IoT Connectivity Protocols

Many choices for IoT connectivity protocols

A variety of IoT connectivity protocols are available today. Therefore, there is a lot of confusion about which protocols should be adopted. In this post, we help you understand the most well-known IoT connectivity options quickly so that you can make an informed choice amongst them.

Image of a night-time cityscape. A smart city uses many different IoT connectivity protocols. And this complexity will continue to grow.
Image of a night-time cityscape. A smart city uses many different IoT connectivity protocols. And this complexity will continue to grow. [Photo by Jesse Collins on Unsplash]

Data rates, communication range and use cases for different IoT connectivity protocols

Not all protocols are designed equal. They solve for different use cases and optimize over a variety of factors including, but not limited to, range, throughput, reliability, etc. Therefore, we present a brief capture of these different protocols to help you understand the options available. Feel free to reach out to us by clicking here if you would like to hire us for a specific IoT project.

IoT Connectivity Protocols in Alphabetical Order

  • Bluetooth Low Energy (BLE) – suitable for small amount of data (~1Mbps) over short-range (~100m). Consumer devices connectivity with phone.
  • Cellular – Medium data rates (35kbps to 10Mbps depending on which bands and technologies are used) over long distances (30km to 200km depending on technologies used and cost). Obvious choice where devices are in unmanaged environments (smart bus stop sign, displays, etc).
  • LoRaWan – Small data rates (0 – 50 kbps) over medium ranges (2-15km) is another credible choice for IoT sensors deployed in open areas.
  • NFC (Near Field Communication) – Small data rates (100kbps to 420kbps) over extremely short range (~2-4 cm) makes NFC the choice for device to device secure handshake because physical proximity is required for NFC.
  • Sigfox – Tiny data rates (10-1000bps) over medium distances (~2-30km depending on urban versus rural environments) makes it a good choice for low power monitoring scenarios in open areas.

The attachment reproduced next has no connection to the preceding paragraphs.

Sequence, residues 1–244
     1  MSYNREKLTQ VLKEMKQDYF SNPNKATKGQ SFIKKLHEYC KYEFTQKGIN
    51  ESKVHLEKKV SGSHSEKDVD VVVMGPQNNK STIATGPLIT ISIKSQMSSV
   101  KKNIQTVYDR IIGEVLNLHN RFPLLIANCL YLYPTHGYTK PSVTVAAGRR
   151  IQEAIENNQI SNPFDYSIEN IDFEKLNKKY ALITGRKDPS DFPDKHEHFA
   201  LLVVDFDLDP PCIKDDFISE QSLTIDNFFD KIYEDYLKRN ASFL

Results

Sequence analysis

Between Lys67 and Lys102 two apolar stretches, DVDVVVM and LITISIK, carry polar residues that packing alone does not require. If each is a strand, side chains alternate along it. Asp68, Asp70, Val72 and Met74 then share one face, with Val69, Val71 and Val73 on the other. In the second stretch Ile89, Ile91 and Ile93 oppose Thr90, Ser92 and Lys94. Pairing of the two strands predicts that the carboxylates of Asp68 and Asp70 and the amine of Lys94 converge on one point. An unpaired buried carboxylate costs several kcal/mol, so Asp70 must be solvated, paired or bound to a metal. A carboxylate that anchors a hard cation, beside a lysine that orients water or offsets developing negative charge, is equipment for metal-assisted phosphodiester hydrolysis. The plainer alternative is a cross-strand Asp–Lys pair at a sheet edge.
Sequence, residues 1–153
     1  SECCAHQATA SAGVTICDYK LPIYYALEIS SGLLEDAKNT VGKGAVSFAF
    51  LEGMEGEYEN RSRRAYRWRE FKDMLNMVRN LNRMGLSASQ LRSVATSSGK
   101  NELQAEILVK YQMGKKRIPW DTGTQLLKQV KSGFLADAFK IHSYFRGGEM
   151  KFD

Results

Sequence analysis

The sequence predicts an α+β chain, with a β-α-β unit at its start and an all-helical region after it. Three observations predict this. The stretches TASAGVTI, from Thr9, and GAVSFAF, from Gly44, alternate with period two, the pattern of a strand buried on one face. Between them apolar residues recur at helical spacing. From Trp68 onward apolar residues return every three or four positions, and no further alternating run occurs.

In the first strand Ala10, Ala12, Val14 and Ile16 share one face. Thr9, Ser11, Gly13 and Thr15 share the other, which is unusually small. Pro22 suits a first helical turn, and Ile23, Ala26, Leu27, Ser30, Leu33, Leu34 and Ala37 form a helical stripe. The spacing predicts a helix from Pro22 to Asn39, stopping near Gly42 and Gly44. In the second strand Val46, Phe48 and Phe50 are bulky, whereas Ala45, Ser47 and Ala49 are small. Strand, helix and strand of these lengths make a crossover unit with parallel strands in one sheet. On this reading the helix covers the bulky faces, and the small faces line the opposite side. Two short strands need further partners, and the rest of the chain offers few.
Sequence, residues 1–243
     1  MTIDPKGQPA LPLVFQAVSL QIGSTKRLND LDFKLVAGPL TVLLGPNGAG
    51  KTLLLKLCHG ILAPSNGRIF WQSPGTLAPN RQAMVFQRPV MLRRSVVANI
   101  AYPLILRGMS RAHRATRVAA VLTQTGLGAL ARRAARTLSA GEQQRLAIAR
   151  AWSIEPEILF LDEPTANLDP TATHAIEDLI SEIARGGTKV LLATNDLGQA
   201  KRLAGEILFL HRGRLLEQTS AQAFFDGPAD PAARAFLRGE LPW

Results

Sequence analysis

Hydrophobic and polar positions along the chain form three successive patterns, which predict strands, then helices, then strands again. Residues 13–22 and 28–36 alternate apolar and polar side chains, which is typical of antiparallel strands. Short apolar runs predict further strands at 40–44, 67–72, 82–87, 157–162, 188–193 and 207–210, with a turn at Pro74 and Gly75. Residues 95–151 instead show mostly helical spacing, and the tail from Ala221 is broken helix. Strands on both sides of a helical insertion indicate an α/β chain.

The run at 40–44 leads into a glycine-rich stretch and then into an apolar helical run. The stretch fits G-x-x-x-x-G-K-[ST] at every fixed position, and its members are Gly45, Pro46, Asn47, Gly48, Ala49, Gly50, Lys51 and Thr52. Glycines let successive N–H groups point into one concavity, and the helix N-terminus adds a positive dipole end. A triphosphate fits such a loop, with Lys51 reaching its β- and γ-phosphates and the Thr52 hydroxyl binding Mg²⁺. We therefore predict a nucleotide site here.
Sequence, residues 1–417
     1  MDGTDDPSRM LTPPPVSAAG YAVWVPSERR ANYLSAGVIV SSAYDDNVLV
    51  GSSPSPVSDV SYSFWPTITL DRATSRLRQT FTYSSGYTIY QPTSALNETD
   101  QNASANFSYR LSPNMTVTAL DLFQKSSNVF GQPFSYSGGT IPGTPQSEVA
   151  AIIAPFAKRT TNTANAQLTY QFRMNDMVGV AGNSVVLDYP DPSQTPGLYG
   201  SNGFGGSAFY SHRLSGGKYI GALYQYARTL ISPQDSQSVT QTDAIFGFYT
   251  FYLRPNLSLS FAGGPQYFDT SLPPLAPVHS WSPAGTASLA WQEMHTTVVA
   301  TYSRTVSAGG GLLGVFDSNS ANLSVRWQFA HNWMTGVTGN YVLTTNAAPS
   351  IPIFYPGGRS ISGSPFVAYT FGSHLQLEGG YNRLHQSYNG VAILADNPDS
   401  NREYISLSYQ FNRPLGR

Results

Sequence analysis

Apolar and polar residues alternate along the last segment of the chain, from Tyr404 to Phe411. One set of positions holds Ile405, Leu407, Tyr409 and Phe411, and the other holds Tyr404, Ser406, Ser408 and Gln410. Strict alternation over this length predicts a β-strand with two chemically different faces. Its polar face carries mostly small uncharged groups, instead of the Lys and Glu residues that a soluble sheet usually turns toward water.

• WiFi – large data rates (up to 600Mbps, 150-200Mbps typical) over short range (~50m). Large data rates makes it an obvious choice for a very large variety of use cases both in home and in industrial settings.
  • Zigbee 3.0 / IEEE802.15.4 – Short range (~10-100m) with small data rates (~250kbps). Robust, scalable (number of devices) and can be secured better for use in industrial settings. 
  • Z-Wave – suitable for small data packets (rate ~100kbps) over short range (~25-30m) with low latency. Home automation devices. Full mesh capability without coordinator node.

IoT Connectivity Protocols in Order of Communication Range

In terms of communication range needed, these protocols can be roughly ordered as below (from shortest to longest ranges).

  • NFC
  • Z-Wave
  • BLE
  • Zigbee 3.0
  • WiFi
  • LoRaWan
  • Sigfox
  • Cellular

Many other factors to consider

There are many other nuances to consider before choosing amongst  IoT connectivity protocols available today. Therefore, it is important to have the right partner help you architect, design and implement the IoT initiative for your organization.

Example of such factors include factors like:

  • Data rates
  • Range of communications
  • Cost
  • Battery or grid
  • Power consumption
  • Overlapping data
  • Standby battery life

We provide end to end consulting for IoT projects. If you would like to discuss your IoT application with us, you can reach us here.